Originally published in Punta Dritta July AS XL (2005)
For much of the middle ages it was uncommon for people to wear swords as part of everyday dress. A knight would wear his sword on ceremonial occasions, and travellers would wear swords on journeys, but most people in England and France would carry only their belt knife.
In the early part of the Renaissance period, it became common for a gentleman to wear his sword at all times and in all places. Generally, this coincided with the decline of the land-owning class and the dramatic impact of plague on the population.
Initially, the sword was the same as used on the battlefield: broad bladed and cross hilted (Fig 1). Such a sword could hang from a person's belt with little problem.
Sword shapes: cross-hilted, backsword and rapier
As time progressed, however, the hilt of the sword became more complex to protect the hand and the blade became longer in an attempt to outreach the opponent. Some rapier blades reached between 48 and 60 inches in the length, making the simple act of drawing the sword difficult and dangerous.
George Silver, a conservative anti-rapier voice of the late 16th Century, writes that the normal length of a blade should be between a yard and one inch for the shortest man, to a yard and four or five inches for the tallest. We can assume, therefore, that rapiers commonly being used in London at the end of the century were longer than this.
In order to wear such a long rapier, it becomes necessary to angle the blade hanging from the belt, to prevent it dragging along the ground. There were three common devices used to accomplish this: Slings, Hanger and Baldric.
Belt and slings
The Belt and Slings (Figure 4) is a simple affair. Two or three slides grip the scabbard of the sword. A strap (called a sidepiece) connects from the slings to the belt on the opposite side of the body, and is adjustable to control the angle of the sword.
Whilst this will keep the sword from the ground, the narrow range of the attachments will allow the sword to flap around a bit. It is not unknown for the slings to have a second strap around the leg to give more stability.
An adaptation of the Belt and Slings is the Hanger (Figure 5). This increases the number of slides and supports them with a broad panel of leather. This tends to be much more controllable and stable.
Both the Hanger and the Belt and Slings can be attached to a girdle or normal belt through the use of frogs, or friction loops, on the belt.
The final way of carrying a sword is the baldric (Figure 6). This is a simple belt, worn over the shoulder and sloping down to the opposite hip. The sword is attached by use of slides. There is, however, no easy way to wear a dagger on the baldric and so it is often seen as a military fashion or a very late period fashion.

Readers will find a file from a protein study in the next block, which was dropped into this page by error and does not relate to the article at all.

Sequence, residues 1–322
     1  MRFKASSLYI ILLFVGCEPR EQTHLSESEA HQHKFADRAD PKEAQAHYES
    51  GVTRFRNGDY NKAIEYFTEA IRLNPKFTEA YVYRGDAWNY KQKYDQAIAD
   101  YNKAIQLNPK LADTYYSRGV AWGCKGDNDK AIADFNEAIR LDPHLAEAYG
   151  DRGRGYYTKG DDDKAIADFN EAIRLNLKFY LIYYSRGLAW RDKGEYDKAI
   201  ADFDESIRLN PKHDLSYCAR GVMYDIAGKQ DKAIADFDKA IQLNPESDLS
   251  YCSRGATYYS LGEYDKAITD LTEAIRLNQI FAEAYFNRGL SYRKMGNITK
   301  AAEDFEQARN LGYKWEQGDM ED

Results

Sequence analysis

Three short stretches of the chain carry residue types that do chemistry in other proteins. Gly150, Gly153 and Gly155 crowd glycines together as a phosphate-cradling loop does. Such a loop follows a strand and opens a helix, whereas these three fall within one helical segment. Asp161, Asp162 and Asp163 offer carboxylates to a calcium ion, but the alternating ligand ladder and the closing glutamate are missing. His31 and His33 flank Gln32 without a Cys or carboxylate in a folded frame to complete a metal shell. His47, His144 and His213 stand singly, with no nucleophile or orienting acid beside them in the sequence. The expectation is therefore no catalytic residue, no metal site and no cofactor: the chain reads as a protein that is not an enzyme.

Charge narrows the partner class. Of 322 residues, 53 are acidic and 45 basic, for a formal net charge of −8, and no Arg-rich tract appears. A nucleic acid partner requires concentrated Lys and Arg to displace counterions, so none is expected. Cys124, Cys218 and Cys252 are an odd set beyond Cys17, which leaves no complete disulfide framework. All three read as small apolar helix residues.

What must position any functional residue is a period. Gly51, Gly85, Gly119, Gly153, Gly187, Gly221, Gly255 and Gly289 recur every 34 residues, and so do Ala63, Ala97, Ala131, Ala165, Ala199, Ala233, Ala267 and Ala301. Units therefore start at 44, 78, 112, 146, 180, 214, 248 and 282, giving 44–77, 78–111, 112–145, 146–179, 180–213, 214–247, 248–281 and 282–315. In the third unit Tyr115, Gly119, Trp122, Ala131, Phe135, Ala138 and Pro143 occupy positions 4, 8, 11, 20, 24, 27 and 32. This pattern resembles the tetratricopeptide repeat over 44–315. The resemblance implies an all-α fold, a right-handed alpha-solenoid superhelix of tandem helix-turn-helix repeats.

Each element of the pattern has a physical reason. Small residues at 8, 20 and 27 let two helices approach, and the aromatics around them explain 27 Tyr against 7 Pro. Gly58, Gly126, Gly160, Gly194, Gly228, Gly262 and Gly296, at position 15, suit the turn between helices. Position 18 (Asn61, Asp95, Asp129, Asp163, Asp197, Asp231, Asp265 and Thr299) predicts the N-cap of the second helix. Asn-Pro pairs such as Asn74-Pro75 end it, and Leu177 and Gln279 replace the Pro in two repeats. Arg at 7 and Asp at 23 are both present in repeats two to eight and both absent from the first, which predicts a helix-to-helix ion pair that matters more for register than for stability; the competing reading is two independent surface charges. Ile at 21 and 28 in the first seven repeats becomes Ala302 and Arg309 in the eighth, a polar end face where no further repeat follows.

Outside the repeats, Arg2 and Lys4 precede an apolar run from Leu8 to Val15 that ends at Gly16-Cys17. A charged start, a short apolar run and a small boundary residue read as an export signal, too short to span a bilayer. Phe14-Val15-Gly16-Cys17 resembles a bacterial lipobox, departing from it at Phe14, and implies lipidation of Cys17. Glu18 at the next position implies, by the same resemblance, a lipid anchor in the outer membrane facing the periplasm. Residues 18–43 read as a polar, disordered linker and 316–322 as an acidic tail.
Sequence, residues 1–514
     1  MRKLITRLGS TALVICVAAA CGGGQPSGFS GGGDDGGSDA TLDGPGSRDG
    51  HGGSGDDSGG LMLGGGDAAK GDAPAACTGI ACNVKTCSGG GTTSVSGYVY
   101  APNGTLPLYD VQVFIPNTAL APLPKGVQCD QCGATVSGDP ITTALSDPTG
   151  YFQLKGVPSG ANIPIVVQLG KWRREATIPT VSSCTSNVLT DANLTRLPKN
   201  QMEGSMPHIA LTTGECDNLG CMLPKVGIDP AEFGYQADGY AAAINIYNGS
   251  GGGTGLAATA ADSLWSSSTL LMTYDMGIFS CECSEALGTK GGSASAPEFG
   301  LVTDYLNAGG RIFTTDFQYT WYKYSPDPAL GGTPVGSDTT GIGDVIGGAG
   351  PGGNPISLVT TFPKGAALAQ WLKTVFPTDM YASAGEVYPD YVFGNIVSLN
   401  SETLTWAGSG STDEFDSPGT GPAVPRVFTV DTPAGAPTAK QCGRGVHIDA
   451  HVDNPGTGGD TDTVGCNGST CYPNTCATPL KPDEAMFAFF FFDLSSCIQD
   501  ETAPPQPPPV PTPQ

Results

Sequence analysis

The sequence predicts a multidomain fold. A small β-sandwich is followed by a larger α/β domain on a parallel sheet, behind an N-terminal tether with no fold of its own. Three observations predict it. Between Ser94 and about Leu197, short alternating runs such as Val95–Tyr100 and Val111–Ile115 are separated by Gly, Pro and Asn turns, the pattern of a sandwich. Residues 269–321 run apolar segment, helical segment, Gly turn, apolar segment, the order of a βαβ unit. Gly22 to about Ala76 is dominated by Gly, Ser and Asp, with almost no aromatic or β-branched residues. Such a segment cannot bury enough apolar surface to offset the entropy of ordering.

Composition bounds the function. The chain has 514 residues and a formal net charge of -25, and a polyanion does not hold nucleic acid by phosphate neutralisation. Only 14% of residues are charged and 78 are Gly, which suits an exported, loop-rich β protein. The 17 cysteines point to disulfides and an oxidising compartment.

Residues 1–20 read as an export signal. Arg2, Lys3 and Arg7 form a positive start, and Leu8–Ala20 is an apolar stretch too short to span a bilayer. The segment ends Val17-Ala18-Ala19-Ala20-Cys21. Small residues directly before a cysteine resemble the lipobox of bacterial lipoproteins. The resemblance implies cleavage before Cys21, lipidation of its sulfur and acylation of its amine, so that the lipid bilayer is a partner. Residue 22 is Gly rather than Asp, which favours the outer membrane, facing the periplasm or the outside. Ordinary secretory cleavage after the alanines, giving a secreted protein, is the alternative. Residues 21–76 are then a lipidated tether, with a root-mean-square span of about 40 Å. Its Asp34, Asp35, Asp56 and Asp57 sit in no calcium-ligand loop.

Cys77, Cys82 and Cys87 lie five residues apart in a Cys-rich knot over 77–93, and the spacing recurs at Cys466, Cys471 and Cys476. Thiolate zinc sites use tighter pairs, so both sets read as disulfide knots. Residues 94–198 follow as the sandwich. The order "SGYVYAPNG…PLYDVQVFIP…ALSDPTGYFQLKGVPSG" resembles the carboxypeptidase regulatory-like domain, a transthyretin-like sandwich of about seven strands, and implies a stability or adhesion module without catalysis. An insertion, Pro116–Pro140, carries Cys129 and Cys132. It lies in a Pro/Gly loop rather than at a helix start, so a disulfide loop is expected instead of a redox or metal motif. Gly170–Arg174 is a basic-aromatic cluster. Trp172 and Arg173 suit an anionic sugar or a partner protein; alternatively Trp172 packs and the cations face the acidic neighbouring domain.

All these ways of carrying a sword require the rapier to trail a long way behind the body. When bowing from the waist, this causes the end of the sword to tip up (usually into somebody else). This could be a cause of a duel, so great care was taken to control thei sword when moving around. However, it is quite threatening to grip the rapier constantly by the handle, and this could also get the wearer into trouble.
For a right-handed fencer, the key is to use the inside and outside of the left hand to guide the rapier in the movement. Bowing is altered to the form of Reverenza used in Renaissance dance. The drawing back of the left foot allows the wearer to push the hilt wide of the body at the same time as extending the arms in the bow. This movement pushes the tip of the sword close behind the left ankle and thus out of the way.
The fashionable style for a cape was to wear it over the left shoulder. This leaves the sword arm free, whilst still affording some warmth and allowing the embroidery to be displayed.
If the cape was fastened with ties or buttons, they would run to the right armpit, tying diagonally across the chest. This leaves the left arm free to grasp the knife, affixed to the back of the belt, whilst the right arm is able to reach overhand. An Alta guard is almost impossible to achieve if the cape is tied over the right shoulder.
Surprisingly enough, most people in medieval and Renaissance Europe wore hats. I say surprisingly, because it is uncommon to see people in the SCA wearing them.
A fashionable Renaissance gentleman would feel just as undressed going out without a hat, as without his sword. Given the cold snap that covered Europe during the 16th century (which froze over the River Thames at times), it was very rare to see somebody without a hat.
During the bow, the hat is tipped or removed entirely, depending on the rank of the person you are being presented to: a touch of the brim or tug on the flat cap for a common acquaintance; complete removal for a lady or ranked person.
This is difficult to coordinate with sword and cape, especially on the dance floor, without disembowelling somebody behind you. A soft cap is gripped by the brim and replaced from the back of the head forward. This allows the drape of a soft cap to catch the back of the head. A solid hat is opposite, where the hat is gripped by the front of the brim and replaced on the temple and slid back into place.
Images taken from www.armor.com and www.imperialweapons.com